As a powerlifter, my main goal is to lift as much as I can in the bench, squat, and deadlift. But I don't want to look like a fat sack of shit. I want to look like I lift and also be able to move a lot of plates. I came up with a program that would allow me to keep lifting heavy and help me grow some big-ass, sexy muscles. I call it "Jacked and Tan."

The best way to get strong and look awesome is to get your heavy work in first, then do that same barbell movement for higher repetitions, and then finish with accessory movements to build those mirror muscles the ladies love.



It's a simple protocol that delivers excellent results. I'll show you how it's done.

Ready? Let's get jacked and tan, son!

Warm-up
1
Band Pull Apart
3 sets, 20 reps
2
Face Pull
3 sets, 20 reps
3
Band Pull Apart
or Band Dislocate
3 sets, 20 reps
4
Alternate Hammer Curl
3 sets, 20 reps
5
Barbell Bench Press - Medium Grip
Light sets
1 set, to failure
The Tan
1
Incline Dumbbell Press
3-4 sets.
4 sets, 8-10 reps (to fatigue, use varying levels of incline)
2
JM Press
2-3 sets.
3 sets, 8-10 reps
3
Triceps Pushdown
5 sets, to failure
The Jacked
1
Barbell Bench Press - Medium Grip
Paused. Work up to 2 sets of 3 heavy reps.
2 sets, 3 reps (Take as much rest as necessary between sets)
2
Barbell Bench Press - Medium Grip
4 sets, 10 reps

Jacked-and-Tan Workout Tips

Before you run over to the nearest bench, read these tips. They'll help you get the most out of the workout so you can see the best results.

Warm-up tips

When you bench press, you don't just use your chest to press the weight, but your shoulders, triceps, and back as well. So, warm up your entire body. Spend the time preparing your body for the work it's about to do. You'll accomplish a lot more if your body is ready than if you slide under a barbell cold.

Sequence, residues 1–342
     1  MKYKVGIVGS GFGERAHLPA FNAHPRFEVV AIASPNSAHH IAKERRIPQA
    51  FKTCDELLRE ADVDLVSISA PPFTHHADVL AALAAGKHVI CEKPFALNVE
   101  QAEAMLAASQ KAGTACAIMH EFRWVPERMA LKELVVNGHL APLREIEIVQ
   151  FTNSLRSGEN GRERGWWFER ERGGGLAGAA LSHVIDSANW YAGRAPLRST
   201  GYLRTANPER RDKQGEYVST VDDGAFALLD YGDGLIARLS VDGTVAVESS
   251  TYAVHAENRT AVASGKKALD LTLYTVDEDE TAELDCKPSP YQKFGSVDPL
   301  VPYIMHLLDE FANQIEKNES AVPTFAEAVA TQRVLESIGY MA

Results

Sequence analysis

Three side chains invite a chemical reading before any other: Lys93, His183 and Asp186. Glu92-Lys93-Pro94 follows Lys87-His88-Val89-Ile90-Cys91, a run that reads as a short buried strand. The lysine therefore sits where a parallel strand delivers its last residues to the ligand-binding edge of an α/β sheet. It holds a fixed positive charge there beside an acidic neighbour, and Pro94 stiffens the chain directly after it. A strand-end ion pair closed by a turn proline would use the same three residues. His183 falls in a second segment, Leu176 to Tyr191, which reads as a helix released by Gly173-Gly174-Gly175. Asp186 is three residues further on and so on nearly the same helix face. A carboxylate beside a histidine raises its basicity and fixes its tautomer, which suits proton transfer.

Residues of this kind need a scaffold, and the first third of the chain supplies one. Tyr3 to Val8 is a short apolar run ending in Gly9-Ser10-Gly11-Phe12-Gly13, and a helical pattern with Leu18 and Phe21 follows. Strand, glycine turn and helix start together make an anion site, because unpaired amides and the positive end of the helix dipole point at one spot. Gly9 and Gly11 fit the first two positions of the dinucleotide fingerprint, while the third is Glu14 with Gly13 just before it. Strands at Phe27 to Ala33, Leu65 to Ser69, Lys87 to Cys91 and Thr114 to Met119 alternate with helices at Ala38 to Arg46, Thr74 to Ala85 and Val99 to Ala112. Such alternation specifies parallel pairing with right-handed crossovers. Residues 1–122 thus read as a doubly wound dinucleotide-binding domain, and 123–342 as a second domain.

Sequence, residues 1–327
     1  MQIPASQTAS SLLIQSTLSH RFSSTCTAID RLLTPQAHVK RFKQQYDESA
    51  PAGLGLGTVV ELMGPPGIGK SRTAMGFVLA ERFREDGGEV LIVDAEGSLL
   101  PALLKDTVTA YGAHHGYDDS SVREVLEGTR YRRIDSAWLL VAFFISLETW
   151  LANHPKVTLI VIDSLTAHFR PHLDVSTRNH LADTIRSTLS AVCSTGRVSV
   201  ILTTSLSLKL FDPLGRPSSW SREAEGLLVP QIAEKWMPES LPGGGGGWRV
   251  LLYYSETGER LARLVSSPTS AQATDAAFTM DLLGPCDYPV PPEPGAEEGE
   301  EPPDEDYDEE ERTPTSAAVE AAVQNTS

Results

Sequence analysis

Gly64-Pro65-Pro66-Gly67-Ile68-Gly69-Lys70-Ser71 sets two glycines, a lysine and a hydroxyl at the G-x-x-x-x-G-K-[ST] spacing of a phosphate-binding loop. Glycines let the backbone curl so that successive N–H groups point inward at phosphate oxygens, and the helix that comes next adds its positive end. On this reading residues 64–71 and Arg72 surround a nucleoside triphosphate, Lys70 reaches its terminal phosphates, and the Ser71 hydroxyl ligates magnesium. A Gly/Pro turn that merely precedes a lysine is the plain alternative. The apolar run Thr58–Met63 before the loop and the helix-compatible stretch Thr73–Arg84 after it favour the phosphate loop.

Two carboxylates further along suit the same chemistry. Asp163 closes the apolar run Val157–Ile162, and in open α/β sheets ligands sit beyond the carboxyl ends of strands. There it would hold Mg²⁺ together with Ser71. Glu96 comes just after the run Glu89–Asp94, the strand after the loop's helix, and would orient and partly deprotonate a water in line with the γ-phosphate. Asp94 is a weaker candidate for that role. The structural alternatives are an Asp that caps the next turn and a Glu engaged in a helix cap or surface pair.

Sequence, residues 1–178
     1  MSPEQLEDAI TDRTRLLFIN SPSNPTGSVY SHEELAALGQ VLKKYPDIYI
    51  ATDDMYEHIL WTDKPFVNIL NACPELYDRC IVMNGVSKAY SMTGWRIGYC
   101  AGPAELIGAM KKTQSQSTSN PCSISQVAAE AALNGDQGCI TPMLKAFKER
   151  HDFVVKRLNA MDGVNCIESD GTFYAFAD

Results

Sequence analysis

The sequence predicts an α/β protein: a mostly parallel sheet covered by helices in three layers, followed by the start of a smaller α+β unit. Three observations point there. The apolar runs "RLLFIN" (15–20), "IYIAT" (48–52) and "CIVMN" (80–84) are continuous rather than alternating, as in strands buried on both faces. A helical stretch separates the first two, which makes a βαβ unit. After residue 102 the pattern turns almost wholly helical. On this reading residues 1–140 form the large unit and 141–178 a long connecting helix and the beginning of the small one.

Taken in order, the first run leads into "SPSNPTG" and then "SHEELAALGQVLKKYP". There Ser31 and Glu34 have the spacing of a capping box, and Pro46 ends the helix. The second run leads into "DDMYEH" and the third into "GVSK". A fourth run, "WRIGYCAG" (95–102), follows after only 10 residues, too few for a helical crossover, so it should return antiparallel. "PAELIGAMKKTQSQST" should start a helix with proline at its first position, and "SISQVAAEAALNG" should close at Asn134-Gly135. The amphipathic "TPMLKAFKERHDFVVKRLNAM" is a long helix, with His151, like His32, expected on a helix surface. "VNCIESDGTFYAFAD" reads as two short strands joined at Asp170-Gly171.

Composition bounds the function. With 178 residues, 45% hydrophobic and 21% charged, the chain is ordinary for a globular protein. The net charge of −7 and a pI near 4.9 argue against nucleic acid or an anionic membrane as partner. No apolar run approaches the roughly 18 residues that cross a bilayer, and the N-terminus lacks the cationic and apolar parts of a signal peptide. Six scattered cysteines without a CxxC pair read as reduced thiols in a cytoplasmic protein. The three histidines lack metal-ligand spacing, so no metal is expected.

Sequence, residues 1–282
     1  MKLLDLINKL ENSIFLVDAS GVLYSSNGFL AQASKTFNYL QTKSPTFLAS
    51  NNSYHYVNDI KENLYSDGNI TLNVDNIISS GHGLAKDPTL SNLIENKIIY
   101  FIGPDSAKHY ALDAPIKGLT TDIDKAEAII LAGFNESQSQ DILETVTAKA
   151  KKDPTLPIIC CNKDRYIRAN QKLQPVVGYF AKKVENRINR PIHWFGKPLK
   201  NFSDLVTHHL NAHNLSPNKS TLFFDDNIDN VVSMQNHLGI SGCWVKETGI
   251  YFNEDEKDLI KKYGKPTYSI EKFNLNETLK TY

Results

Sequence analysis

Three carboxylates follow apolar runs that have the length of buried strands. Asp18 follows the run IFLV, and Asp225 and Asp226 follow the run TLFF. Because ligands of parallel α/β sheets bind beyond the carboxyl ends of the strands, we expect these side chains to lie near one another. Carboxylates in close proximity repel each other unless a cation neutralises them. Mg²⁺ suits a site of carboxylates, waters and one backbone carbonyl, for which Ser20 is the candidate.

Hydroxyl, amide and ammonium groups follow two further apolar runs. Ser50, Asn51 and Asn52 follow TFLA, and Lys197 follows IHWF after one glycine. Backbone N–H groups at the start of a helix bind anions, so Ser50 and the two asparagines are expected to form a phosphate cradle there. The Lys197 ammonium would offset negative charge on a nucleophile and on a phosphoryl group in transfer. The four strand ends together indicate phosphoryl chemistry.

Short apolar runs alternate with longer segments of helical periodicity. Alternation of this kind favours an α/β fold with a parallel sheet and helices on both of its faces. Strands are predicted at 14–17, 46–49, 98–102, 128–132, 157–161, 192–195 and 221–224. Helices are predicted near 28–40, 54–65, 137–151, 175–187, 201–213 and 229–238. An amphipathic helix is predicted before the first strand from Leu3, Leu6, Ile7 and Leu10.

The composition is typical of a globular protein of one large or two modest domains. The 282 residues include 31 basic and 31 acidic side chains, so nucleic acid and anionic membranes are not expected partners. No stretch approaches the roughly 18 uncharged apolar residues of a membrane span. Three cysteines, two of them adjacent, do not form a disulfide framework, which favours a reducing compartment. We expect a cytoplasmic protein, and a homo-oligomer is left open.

Heavy sets tips

Increase the weight slowly. If you're feeling good, you may want to throw on a bunch of plates, but it's better to start light and do 5-10 reps for one set. From there, drop to 3 repetitions and increase the weight each set. How much you increase will depend on your strength levels.

Don't jump up in weight too quickly, but don't spend too much time on warm-up sets either. When you're trying to see how strong you are for a particular number of reps, you want to go into those sets fresh. So, rest as much as you need between sets and don't waste energy by doing more warm-up sets than you need.

I like to wear a belt when I'm doing bench because it gives my abs something to press against and allows me to keep my back really tight.



High-rep sets

To bench press correctly, bring your elbows slightly in at the bottom and throw them back upward at the top. As the bar comes up, try to throw it toward your chin. Keep your upper back as tight as possible, your chest up, your heels smashed into the ground, and your knees out.

One of the best ways to fix just about any problem you're having with a lift is to drop the weight about 20-30 percent from your max lift, and work on getting perfect reps. Think about your form and move the bar efficiently.

Accessory Work

Accessory lifts are important not only because they help you look better, but also because they help your primary lifts. So, choose exercises that will make you better and more efficient at the main strength movements.

Anyone who wants to be strong and well-built is going to have to put in a lot of work. Accessory movements will help you get in the work you need. Move through the sets quickly and limit the amount of rest you take. If you're in a time crunch, try supersets.

A true bodybuilder would do many, many more sets than you're going to do. But, because you also need to devote a lot of time to your main strength movements, you won't be able to get in those 18-20 sets per body part. That's OK—you'll still see the results you want.

About the Author

Mark Bell

Mark Bell

I used to be known as JackAss from my days at elitefts.com, or Smelly from the feature film documentary 'Bigger, Stronger, Faster.'

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